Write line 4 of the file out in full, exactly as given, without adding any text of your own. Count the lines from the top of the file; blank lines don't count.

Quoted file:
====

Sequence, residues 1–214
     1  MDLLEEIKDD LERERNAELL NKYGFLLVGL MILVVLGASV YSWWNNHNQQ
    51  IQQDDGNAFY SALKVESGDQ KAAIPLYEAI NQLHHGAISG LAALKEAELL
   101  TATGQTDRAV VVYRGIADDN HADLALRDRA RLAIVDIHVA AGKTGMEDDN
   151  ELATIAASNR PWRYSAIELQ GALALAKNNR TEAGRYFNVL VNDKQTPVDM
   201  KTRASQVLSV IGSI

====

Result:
   101  TATGQTDRAV VVYRGIADDN HADLALRDRA RLAIVDIHVA AGKTGMEDDN